Fetching his coat and muttering something unintelligible, he went for a walk. The rain did not fall heavily but just so that it made a peaceful hissing sound. He pulled his collar up and put his head down. He did not know where he was walking to. In his back pocket was a pack of cigarettes, he took one out and lit it and thought to himself. The houses in the cold October morning were sleeping, slumberous or waking up; kitchen lights on, kettles boiling, windows shut against the draughts. It was a Saturday morning. He made his way along the main road then branched off into a quiet street lined by individual and affluent houses. They minded their own business.
As a smoker he left his cigarettes on a bookshelf near the backdoor, where he passed on his way to the garden. Eleven months ago he started to notice cigarettes going missing. He was mindful of the number of cigarettes in a pack because they were very expensive and he was not paid much. Thinking it was his other brother – with whom he often shared cigarettes – he dwelled on the matter only briefly before forgetting it completely. He never asked his other brother because cigarettes were only cigarettes.
‘Another Kronenbourg, please.’
‘No worries, mate.’
The beer was set in front of him. No sooner had it been placed than condensation began to form on the glass.
Cigarettes disappeared regularly – every other weekend or so – and he thought nothing of it. One Sunday, robbed of cigarettes he was looking forward to, he flew into a rage and stormed around the house looking for his other brother – ‘Have you taken my fuckin’ cigarettes? I needed those!’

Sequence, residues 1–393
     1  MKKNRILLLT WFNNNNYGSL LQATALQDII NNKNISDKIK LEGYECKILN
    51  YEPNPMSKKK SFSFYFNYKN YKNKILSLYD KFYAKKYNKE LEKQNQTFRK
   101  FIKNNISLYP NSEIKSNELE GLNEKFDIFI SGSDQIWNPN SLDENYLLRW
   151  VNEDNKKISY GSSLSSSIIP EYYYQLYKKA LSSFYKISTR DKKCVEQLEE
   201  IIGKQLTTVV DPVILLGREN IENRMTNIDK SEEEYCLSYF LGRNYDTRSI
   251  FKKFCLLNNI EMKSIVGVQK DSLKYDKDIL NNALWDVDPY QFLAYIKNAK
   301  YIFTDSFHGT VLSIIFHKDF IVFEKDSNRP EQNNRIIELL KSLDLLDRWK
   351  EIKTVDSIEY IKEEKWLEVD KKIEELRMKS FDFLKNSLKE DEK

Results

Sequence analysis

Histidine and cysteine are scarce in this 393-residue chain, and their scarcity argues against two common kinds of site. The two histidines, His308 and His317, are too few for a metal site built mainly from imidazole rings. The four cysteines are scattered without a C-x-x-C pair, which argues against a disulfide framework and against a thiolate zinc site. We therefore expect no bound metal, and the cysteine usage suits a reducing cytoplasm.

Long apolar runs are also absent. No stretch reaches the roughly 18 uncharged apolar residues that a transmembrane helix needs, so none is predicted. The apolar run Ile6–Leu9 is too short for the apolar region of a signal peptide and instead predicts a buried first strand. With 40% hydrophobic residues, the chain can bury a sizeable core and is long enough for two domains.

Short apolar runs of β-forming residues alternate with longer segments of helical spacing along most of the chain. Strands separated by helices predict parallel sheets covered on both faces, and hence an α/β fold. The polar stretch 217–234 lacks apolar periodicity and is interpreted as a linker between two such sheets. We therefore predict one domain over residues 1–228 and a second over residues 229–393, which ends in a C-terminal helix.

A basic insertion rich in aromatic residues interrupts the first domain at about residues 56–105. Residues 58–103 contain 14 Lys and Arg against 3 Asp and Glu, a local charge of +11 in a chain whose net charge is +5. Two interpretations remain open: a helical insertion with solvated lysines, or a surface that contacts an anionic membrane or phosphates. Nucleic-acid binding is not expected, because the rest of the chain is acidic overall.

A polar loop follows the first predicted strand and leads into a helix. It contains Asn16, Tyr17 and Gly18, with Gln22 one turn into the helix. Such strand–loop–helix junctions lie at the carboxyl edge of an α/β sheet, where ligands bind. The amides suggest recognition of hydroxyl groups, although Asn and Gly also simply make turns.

His brother was lying on his belly, watching the television – ‘Fuck off, it wasn’t me!’
A most bizarre discovery! In an instant he thought of his youngest brother, George, who was not yet able, by law, to smoke. He rushed into his room, full of purpose – ‘Have you been stealing my cigarettes?’
George was playing a video game – ‘Yes,’ and most sheepish, too.
The holidaymaker made fists and was flushed with warmth – ‘Why?’
‘Because they’re bad for you.’
When all the other family members had learned about the Great Tobacco Thief they simply shrugged and blessed him for being so considerate, though admitting it was wrong to steal.
The holidaymaker perked up his ears, thinking his flight was called, but it the destination only sounded like his own.
‘How can you be so fucking stupid?’ he said incredulously – ‘He’s smoking them himself!’